Senate debates

Monday, 23 June 2014



3:46 pm

Photo of Sarah Hanson-YoungSarah Hanson-Young (SA, Australian Greens) Share this | Hansard source

Pursuant to contingent notice, and at the request of the Leader of the Australian Greens, I move:

That so much of standing orders be suspended as would prevent me from moving a motion relating to the conduct of the Senate, namely motion No. 285, which is in relation to a very serious matter of the deportation of Iraqi asylum seekers back to Iraq.

I am appalled, to be honest, that I have been denied formality in relation to this matter, by the Labor Party. This is a situation where individuals as recently as last week were being forcibly returned to Iraq. We know the situation there is extremely dangerous. We have heard for days, over the last week, from our own Prime Minister about how atrocious the situation there is, how the brutality and the terror is being inflicted not just on members of the official Iraqi military but on the citizens themselves. Of course it is the citizens who end up suffering the most in these circumstances. We know that already over half a million people have been displaced from Iraq in the last couple of weeks. We know that there are over 500 Iraqi asylum seekers detained in Australian detention centres today. There are several thousand more who are living in the community waiting for their claims to be processed as asylum seekers and to be given refugee status.

It is incredibly galling to see the political play in this place by those on the government's side about how we need to crack down and do things in order to help what is going on in Iraq. Yet the very same people are forcibly removing Iraqi asylum seekers back to Iraq. Even as recently as today I have been told that we are now paying $6,500 to people who have been treated so appallingly, told that they have no rights, that they have got no prospects of ever becoming a refugee in Australia. So we are paying them $6,500 to jump on a plane to go back to a war zone.

Our country used to stand up for what is right. Our country used to say, when people were in need of help and protection, we would give them a helping hand and we would support them. When Bob Hawke announced after the Tiananmen Square massacre that the Chinese students who were in Australia could stay because of their need for safety and protection, that was the right thing to do. Today we have people who are already here, living in fear of being returned home to face the brutalities of what is being drawn out in Iraq, in their home communities, and we cannot even give those people a helping hand and the protection that they deserve. A moratorium on sending people back to Iraq is common sense.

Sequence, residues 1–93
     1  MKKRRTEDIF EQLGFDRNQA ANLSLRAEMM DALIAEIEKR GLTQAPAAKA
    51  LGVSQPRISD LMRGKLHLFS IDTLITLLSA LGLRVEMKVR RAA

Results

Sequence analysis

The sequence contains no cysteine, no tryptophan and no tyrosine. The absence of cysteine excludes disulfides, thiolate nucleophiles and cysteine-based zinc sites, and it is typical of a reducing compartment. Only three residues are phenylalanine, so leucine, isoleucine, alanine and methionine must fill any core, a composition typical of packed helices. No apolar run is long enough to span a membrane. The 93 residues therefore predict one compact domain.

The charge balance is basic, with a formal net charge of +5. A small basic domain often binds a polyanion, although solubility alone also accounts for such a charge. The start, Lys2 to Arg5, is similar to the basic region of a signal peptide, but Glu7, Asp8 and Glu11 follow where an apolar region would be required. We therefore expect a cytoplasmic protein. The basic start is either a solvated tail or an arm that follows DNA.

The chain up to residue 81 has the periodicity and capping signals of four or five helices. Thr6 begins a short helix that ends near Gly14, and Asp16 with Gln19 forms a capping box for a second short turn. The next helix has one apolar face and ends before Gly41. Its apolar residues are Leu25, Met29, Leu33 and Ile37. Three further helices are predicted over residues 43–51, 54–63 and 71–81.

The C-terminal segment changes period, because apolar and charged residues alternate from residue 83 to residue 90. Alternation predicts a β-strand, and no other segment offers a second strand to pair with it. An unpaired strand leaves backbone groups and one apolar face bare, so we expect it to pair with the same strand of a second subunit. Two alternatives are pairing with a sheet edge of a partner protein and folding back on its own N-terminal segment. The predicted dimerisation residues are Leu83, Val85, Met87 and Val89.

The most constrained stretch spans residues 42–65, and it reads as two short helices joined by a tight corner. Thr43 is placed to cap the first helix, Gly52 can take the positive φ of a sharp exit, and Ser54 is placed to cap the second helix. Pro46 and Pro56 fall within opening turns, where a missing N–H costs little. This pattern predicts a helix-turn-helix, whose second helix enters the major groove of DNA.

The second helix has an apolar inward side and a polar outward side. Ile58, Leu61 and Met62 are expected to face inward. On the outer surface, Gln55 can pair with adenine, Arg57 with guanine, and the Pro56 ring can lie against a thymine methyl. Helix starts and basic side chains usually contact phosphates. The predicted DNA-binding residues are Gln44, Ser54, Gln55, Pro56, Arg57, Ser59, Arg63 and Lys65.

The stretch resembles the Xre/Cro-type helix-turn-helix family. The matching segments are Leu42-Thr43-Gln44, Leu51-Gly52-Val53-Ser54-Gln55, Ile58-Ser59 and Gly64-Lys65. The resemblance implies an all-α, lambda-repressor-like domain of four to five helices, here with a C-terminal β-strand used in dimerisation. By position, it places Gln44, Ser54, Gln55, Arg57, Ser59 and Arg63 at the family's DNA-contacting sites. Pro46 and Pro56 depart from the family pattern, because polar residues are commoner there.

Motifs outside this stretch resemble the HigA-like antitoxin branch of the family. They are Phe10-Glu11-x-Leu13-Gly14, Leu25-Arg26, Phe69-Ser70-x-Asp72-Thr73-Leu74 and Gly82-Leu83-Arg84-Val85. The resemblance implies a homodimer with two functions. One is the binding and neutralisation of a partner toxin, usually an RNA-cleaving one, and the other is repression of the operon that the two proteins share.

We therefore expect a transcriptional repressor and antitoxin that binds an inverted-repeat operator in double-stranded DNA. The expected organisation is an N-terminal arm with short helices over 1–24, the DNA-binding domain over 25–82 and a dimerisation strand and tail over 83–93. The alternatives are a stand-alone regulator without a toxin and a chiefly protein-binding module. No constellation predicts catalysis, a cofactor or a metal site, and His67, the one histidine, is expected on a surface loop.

There is a terrible situation unfolding in Iraq. The very least that this government and this parliament could do is to stand up for the basic human rights of those individuals and say, 'You know what? We're not going to send you back into the pit of terror. We will not send you home to your death.' I think it is appalling that we now see the Labor Party not only not being able to support what is a common sense motion calling on the government for a moratorium but not even wanting to debate this bill properly. That is cowardice—absolute cowardice. There are times in our nation's history where you have to stand up for what is right, where you have to stand up for things regardless of the political expediency of the day. Sending Iraqi asylum seekers back to the pits of terror where they will be killed is not the right thing to do. Calling on the government of the day to issue a moratorium and halt the deportation of these people is the right thing to do. The government are not just forcibly returning individuals; they are paying people; they are bribing people. They are pushing people to choose between the two evils: the hellhole of Manus Island versus being shot in a war zone in Iraq. That is the depth that this government is going to, and it is appalling that the Labor Party is standing by and letting it happen.


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